On the flip side of that, 41 mag and 45 gap never really took off like they probably should have. 41mag is an excellent round worthy of a lot more popularity but it is sandwiched in between 357 and 44 mag and gets overshadowed by those more popular rounds that can fit the same niches. 45 gap had potential that was never realized, and I think that is most likely an issue of it being named Glock and chambered exclusively for Glock pistols.

    My heart sank a bit when I saw 32 mag. It’s arguably among the best J frame cartridges ever. 6 shots instead of the 5 that 38spl gets but enough pop to not ever miss the energy level of the 38. I have long considered 32 mag to be the ultimate glovebox gun as it can shoot weaker rounds easily, but step into the light magnum category for defensive purposes or to put down an injured deer on the roadside or something of the sort. Could easily put meat in a pot if needed. It had its heyday but now it is fading.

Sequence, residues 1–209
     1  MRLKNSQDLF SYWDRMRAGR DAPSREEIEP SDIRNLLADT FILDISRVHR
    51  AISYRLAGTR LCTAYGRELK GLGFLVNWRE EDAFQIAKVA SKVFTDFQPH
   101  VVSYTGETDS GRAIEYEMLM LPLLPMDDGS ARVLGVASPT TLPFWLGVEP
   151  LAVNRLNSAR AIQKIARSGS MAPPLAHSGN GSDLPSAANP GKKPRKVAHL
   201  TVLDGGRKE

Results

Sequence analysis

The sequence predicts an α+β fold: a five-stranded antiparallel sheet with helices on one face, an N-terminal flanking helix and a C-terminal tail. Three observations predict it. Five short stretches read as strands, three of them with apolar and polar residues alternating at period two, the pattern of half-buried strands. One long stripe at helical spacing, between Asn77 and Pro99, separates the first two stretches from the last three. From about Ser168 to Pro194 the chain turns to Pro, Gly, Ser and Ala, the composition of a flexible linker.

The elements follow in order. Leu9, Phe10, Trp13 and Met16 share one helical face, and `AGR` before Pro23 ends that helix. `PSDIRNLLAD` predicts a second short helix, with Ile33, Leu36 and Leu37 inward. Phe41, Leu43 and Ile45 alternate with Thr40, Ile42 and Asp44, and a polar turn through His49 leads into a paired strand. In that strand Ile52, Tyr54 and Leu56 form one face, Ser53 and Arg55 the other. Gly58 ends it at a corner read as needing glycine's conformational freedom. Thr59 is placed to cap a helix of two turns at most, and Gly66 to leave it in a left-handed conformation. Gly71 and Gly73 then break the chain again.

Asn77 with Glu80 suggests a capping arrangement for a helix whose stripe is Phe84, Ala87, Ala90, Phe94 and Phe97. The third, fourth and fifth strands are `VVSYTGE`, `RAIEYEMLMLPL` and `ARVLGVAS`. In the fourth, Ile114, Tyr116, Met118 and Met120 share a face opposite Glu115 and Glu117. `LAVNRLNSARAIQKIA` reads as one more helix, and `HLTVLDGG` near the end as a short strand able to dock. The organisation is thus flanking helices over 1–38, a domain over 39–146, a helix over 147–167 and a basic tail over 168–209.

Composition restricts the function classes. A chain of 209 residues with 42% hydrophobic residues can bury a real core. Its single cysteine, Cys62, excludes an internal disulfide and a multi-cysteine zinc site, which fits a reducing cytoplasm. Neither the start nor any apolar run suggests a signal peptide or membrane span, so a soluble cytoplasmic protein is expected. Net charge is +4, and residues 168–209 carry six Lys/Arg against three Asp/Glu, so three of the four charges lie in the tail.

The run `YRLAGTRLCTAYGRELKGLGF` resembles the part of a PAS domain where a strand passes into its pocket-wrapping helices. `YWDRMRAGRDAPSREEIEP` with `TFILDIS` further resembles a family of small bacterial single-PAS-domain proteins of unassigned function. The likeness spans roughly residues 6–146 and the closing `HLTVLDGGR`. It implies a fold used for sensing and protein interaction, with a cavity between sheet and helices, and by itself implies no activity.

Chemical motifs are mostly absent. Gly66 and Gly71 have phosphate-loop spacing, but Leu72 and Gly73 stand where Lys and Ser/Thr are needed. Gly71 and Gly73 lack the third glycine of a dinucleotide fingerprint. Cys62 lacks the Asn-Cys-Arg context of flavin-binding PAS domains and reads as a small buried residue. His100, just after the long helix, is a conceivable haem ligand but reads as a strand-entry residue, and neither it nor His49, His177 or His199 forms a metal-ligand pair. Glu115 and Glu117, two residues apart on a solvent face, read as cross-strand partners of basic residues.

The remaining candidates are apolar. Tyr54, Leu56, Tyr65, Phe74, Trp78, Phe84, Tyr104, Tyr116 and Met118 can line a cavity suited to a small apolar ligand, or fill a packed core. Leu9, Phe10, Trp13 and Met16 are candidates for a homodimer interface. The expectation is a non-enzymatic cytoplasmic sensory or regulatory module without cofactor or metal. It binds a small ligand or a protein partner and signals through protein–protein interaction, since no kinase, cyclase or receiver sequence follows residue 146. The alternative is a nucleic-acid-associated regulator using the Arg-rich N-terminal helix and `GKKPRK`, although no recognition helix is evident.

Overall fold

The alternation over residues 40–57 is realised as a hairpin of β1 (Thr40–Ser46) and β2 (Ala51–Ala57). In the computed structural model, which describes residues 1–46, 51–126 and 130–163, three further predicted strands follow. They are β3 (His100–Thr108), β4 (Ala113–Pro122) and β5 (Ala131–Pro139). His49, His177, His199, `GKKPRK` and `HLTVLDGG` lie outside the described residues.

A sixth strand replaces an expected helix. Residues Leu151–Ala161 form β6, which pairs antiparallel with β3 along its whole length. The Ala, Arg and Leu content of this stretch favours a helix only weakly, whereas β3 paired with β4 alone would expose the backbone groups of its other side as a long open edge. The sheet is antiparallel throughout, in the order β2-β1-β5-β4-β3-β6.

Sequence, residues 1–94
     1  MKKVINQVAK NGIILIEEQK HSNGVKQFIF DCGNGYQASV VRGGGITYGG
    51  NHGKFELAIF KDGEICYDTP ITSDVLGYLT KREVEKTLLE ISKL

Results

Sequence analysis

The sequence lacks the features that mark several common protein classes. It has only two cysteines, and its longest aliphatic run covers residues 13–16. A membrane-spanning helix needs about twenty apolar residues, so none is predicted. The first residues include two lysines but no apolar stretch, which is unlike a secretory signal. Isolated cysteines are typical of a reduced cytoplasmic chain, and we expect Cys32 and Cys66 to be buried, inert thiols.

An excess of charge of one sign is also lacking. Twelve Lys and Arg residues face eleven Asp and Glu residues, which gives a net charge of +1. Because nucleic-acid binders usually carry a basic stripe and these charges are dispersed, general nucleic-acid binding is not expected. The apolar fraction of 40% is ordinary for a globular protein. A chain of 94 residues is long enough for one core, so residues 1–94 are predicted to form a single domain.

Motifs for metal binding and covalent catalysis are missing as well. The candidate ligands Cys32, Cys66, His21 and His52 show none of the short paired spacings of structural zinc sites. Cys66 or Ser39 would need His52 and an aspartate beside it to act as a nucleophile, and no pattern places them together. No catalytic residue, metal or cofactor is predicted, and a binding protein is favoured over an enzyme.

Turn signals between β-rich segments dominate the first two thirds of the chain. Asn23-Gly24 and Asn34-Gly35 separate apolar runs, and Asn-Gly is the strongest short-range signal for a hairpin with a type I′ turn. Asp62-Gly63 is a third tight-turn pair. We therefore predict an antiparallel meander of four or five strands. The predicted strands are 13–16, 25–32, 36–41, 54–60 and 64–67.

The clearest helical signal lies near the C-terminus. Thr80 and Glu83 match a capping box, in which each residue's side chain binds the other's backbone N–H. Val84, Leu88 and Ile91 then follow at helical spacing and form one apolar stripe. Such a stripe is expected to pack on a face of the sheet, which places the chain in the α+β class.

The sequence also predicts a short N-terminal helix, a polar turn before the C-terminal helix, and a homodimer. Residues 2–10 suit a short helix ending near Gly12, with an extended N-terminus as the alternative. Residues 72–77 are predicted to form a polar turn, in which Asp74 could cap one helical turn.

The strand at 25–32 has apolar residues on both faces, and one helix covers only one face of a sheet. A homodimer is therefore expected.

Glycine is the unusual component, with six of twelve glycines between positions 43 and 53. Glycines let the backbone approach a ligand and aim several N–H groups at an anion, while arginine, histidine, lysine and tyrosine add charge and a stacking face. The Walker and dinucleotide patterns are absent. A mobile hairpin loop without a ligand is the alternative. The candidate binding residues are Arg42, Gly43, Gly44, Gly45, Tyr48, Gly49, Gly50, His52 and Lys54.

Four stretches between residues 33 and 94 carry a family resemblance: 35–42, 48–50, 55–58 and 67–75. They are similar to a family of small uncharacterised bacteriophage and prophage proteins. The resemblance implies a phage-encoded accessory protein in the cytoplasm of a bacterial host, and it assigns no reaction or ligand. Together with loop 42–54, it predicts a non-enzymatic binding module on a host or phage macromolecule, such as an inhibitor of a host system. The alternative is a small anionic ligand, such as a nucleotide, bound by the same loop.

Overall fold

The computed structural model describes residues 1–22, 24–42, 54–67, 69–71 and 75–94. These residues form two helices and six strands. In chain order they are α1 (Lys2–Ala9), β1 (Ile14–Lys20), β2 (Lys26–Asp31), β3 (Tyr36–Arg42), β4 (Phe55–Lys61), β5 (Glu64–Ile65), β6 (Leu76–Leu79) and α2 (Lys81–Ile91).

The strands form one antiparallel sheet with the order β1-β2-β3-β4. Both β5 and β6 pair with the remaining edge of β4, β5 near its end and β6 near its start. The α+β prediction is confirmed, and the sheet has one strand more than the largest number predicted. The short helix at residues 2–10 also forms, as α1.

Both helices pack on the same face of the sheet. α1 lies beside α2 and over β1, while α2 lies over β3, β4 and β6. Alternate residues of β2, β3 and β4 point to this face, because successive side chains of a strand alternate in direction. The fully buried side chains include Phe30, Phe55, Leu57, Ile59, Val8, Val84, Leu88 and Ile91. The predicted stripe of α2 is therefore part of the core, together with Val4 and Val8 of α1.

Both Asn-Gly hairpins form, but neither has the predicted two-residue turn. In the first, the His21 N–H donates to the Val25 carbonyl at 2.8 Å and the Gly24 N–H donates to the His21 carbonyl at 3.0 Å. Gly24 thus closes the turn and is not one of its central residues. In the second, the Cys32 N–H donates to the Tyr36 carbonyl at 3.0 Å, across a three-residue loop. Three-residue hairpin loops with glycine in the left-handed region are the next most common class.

10. Alte Schule

    Alte Schule Member

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    OK, I get it. Everyone is entitled to their opinion. Here are mine.

    .32 ACP - This caliber has been around for over a hundred years. There are probably a million or more firearms ( I have 2) in this caliber out there. Although there appears to be a availability shortage right now I believe there are enough enthusiasts of the .32 ACP that it's going to be available for many years to come. I will add that at the current price, $80 to $100 for a 50 count box, unless there is a correction in the market, it's possible the .32 ACP just might price itself out of existence.